A Labour veteran has accused party leader Ed Miliband of “betraying” Israel with his position on the Gaza conflict and making it harder for the party’s candidates to be elected in areas with a high proportion of Jewish voters.
Fabian Hamilton, who is hoping to retain his seat in Leeds North East at next month’s election, said he was also angry over the party leadership’s attempt to whip MPs into voting for unilateral recognition of a Palestinian state.
Mr Miliband has repeatedly defended his stance on Israel’s operation in Gaza, which he had called “wrong and unjustifiable” last summer.
Mr Hamilton, a Labour Friends of Israel supporter, said: “I’d be lying if I said there had been no impact at all. I was steaming mad the day before the Palestine debate when I got a text from the whips saying ‘you must vote’. A third of the shadow cabinet boycotted it. Our leader’s choice on this did not help us.”
Labour backbenchers led the campaign to vote to recognise Palestine in last October’s vote, but Mr Hamilton, the grandson of a rabbi, rebelled and abstained.
Mr Hamilton’s constituency includes the suburbs of Moortown and Alwoodley, where many of Leeds’s 8,000 Jews live and where most of the community’s synagogues are located.
He acknowledged that it was only voters’ personal loyalty to him that is preventing them abandoning the party.
He said: “We will see what happens at the ballot box. I have some very strong personal relationships. But people have said to me that if it was not me they might consider not voting Labour.”
He said Mr Miliband’s Israel stand had been “damaging”, but added: “I’ve been pretty active in the constituency over 18 years, and I am Jewish, so that does help. There are Conservative supporters who will vote for me because I’m Jewish. But there are voters who will be fed up with Miliband for betraying Israel and the community.”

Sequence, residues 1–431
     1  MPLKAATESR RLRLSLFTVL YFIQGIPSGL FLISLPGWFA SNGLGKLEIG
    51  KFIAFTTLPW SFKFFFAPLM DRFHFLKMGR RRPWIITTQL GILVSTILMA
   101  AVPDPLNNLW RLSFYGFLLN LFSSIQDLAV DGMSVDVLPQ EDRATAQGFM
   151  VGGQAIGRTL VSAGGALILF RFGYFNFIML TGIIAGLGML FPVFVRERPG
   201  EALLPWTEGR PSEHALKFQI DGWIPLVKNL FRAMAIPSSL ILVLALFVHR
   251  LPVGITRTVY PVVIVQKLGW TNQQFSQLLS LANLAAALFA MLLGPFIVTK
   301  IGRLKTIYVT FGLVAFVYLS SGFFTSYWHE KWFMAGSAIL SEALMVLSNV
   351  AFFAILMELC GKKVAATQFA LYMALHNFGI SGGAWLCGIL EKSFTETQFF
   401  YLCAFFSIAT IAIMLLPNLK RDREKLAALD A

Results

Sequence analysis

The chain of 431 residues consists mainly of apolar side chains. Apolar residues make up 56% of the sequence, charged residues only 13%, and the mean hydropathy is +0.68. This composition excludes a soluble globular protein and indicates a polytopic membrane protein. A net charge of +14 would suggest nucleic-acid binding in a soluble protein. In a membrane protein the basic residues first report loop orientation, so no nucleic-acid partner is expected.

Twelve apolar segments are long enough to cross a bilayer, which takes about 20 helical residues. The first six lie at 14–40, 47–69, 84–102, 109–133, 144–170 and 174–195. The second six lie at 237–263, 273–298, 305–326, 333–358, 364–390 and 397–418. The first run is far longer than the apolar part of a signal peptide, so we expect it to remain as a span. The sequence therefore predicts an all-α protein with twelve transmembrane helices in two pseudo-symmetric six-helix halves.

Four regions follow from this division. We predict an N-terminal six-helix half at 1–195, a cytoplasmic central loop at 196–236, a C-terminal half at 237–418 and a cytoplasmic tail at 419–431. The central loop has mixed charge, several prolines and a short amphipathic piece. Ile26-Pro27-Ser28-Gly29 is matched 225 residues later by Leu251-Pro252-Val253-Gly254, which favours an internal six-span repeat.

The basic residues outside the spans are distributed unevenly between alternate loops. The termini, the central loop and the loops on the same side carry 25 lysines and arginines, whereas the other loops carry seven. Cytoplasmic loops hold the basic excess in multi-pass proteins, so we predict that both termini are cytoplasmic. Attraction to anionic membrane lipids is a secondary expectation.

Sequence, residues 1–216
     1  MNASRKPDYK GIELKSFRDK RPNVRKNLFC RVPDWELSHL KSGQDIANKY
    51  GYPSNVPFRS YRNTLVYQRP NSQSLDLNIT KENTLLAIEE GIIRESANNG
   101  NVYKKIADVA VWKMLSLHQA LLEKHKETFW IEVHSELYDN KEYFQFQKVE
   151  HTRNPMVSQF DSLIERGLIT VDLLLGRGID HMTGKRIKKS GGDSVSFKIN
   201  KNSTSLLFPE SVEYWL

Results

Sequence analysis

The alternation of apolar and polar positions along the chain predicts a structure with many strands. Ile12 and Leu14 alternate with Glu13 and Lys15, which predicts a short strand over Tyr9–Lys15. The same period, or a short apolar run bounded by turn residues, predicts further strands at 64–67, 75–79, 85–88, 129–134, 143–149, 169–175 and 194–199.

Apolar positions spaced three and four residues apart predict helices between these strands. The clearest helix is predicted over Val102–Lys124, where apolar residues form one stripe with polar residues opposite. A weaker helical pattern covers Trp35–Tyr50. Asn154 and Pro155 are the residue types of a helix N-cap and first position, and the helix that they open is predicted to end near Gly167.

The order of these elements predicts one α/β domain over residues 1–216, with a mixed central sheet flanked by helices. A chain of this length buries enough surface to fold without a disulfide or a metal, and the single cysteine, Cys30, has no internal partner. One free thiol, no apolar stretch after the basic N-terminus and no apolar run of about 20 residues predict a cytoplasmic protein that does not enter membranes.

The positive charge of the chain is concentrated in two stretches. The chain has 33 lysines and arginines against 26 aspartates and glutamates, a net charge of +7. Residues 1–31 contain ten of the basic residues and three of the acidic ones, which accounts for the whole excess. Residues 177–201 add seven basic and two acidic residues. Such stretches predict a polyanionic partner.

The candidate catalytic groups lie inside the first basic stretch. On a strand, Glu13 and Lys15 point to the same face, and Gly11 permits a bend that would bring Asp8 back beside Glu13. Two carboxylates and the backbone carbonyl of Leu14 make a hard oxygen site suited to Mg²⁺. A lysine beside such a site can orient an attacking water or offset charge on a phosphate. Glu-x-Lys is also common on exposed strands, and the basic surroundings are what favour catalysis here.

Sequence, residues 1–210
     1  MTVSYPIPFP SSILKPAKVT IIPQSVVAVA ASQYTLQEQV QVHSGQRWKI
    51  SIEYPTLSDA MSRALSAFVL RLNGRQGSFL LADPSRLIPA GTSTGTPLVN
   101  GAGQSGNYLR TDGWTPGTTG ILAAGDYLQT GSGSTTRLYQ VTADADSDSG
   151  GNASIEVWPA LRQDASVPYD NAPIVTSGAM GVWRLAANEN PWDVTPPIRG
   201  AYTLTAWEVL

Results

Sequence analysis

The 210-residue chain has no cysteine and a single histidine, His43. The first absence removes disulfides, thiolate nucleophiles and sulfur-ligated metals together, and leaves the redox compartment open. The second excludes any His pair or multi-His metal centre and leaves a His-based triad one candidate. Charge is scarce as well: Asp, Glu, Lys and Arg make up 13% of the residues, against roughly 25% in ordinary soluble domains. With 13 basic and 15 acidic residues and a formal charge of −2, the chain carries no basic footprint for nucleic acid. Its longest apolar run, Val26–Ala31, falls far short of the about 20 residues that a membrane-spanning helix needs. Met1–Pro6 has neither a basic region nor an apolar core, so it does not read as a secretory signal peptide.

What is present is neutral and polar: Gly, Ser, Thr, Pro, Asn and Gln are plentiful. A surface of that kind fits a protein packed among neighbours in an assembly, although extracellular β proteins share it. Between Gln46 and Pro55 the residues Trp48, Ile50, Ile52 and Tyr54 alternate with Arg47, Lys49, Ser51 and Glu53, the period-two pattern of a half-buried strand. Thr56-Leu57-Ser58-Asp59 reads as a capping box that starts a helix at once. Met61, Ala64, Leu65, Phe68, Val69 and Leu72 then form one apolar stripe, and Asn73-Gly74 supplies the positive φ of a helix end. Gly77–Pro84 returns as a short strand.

Mr Hamilton has represented the constituency — where 5.3 per cent of voters are Jewish — since Labour’s electon landslide in 1997. Since then, he has built a strong understanding of Leeds Jewry, he said.
“I’ve been campaigning since the beginning of the year. It’s been very interesting. The Jewish community is very concerned about the different attitudes towards Israel, Palestine and antisemitism, and the safety and security of the community. There is real concern and in some quarters real fear. I think that’s largely unfounded. It’s a safe city and there’s no real bitter feeling.”
Efforts to encourage the Muslim and Jewish communities in the constituency to work together had provided some “good encounters” at the Marjorie and Arnold Ziff Community Centre and the local Islamic centre, he said.
Bookies make the former councillor the run-away favourite to be back in Parliament next month, and Mr Hamilton believes it will ultimately be a local take on national issues that decide his fate.
“A lot of people are intensely angry about zero-hours contracts, the bedroom tax and the economy,” he said.
“I represent a relatively prosperous constituency with pockets of extreme poverty. Business people I know have said the economy is a bit better, but the hype from London is not what we are seeing here. I’ve knocked on a lot of doors and not one person has mentioned the mansion tax or immigration.”